Tag Archives: King of Babylon

Hebrew – Statute(s)


 

chōq [and] chāqaq

 

The fourth synonym we encounter for God’s Word is statute, which is the Hebrew chōq (H2706), a masculine noun derived from a verb (chāqaq, H2710) that means “to cut, scratch, inscribe, or engrave.” Oh, what a word we have here! While it is used for such ideas as cutting a tomb out of rock (Isa_22:16), its most common use is to refer to engraving or writing.

 

At one time, one of the major attacks on the authenticity of the Bible by its critics was the belief that writing did not exist in Moses’ time, “proving” that Moses couldn’t have written the Pentateuch, rather that it was written four centuries later by four separate authors. This was forever dispelled, however, in 1902 by one of the most important archaeological finds of all time, the Code of Hammurabi, discovered by M. J. de Morgan. Hammurabi was king of Babylon (ca. eighteenth century BC) and was, therefore, a contemporary of Abraham. The code, written on an eight-foot-high, two-foot-wide, and one-and-a-half-foot-thick polished block of black diorite stone, contains laws (some similar to the Mosaic Law) dealing with worship, justice, taxes and other money matters, building, and matters of commerce.

 

The existence of that code, as well as others of the ancient world—such as the Egyptian Rosetta Stone (ca. 200 BC)—wonderfully illustrate our word for today. It is used, for example, of the statutes God gave to Moses (Exo_15:26; Num_30:16, Mal_4:4). The word lûach (H3871) speaks of a stone slab (Exo_34:1). God inscribed His law on such tablets; they were known as the “tables,” as in the “tables of testimony [February 17], tables of stone, written with the finger of God” (Exo_31:18).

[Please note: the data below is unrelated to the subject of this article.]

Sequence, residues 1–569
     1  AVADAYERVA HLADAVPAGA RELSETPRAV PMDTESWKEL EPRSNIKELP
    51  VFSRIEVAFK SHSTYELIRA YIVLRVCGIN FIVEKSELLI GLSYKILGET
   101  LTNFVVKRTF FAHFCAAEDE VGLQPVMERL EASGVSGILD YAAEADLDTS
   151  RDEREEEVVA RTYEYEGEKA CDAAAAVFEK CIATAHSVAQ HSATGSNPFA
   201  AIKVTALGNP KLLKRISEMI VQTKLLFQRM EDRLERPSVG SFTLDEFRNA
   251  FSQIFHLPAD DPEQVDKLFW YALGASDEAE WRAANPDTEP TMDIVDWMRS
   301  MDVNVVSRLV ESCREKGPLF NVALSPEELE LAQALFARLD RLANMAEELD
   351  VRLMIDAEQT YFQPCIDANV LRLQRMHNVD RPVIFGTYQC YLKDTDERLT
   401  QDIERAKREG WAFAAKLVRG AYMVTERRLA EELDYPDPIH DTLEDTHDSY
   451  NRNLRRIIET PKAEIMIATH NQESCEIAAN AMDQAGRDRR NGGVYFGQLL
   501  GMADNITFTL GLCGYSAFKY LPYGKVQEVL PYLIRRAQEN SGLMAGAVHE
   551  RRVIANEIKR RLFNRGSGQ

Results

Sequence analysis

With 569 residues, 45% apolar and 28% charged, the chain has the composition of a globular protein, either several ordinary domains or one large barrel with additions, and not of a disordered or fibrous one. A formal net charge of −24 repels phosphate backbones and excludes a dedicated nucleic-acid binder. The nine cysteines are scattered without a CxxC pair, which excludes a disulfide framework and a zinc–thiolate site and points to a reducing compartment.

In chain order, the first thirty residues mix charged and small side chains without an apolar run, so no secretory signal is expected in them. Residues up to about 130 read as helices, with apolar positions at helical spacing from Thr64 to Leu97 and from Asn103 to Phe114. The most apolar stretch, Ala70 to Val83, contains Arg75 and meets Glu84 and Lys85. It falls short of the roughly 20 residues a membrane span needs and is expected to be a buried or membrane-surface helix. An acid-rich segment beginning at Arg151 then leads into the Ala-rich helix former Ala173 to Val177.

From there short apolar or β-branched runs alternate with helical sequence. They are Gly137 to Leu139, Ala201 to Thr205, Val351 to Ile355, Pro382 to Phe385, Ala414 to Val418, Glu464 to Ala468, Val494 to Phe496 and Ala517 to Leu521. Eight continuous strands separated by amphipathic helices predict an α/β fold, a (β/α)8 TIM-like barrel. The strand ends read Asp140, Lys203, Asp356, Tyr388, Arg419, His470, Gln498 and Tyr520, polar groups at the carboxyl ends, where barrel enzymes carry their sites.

The old expression “set in stone” also illustrates this truth. God’s statutes (or decrees) are engraved in stone, graphically demonstrating their permanence. Turning again to Psalms 119, we find chōq twenty-one times, the first of which is in Psa_119:5 : “O that my ways were directed to keep thy statutes!” God’s Word is not open for debate, not subject to reinterpretation for the times. God’s Word is set in stone!

 

Scriptures for Study: Read a few of the occurrences of statutes in Psalms 119, noting what our attitude and response to them should be: Psa_119:8; Psa_119:23; Psa_119:54; Psa_119:71; Psa_119:83; Psa_119:112, and Psa_119:117.

 

 

 

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